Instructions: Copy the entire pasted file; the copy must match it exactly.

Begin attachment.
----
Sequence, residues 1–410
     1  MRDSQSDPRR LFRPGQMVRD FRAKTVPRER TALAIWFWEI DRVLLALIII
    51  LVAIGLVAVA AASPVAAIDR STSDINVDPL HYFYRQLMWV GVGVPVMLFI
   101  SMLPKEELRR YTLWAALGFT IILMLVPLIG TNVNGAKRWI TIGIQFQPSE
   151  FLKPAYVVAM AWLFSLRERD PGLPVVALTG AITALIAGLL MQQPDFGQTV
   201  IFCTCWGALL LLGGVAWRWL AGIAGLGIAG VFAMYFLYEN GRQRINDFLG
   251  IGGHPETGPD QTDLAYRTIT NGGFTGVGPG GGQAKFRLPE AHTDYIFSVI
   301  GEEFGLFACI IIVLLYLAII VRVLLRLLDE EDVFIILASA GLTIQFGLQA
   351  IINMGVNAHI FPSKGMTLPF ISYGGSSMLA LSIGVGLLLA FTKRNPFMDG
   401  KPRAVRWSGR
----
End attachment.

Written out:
Sequence, residues 1–410
     1  MRDSQSDPRR LFRPGQMVRD FRAKTVPRER TALAIWFWEI DRVLLALIII
    51  LVAIGLVAVA AASPVAAIDR STSDINVDPL HYFYRQLMWV GVGVPVMLFI
   101  SMLPKEELRR YTLWAALGFT IILMLVPLIG TNVNGAKRWI TIGIQFQPSE
   151  FLKPAYVVAM AWLFSLRERD PGLPVVALTG AITALIAGLL MQQPDFGQTV
   201  IFCTCWGALL LLGGVAWRWL AGIAGLGIAG VFAMYFLYEN GRQRINDFLG
   251  IGGHPETGPD QTDLAYRTIT NGGFTGVGPG GGQAKFRLPE AHTDYIFSVI
   301  GEEFGLFACI IIVLLYLAII VRVLLRLLDE EDVFIILASA GLTIQFGLQA
   351  IINMGVNAHI FPSKGMTLPF ISYGGSSMLA LSIGVGLLLA FTKRNPFMDG
   401  KPRAVRWSGR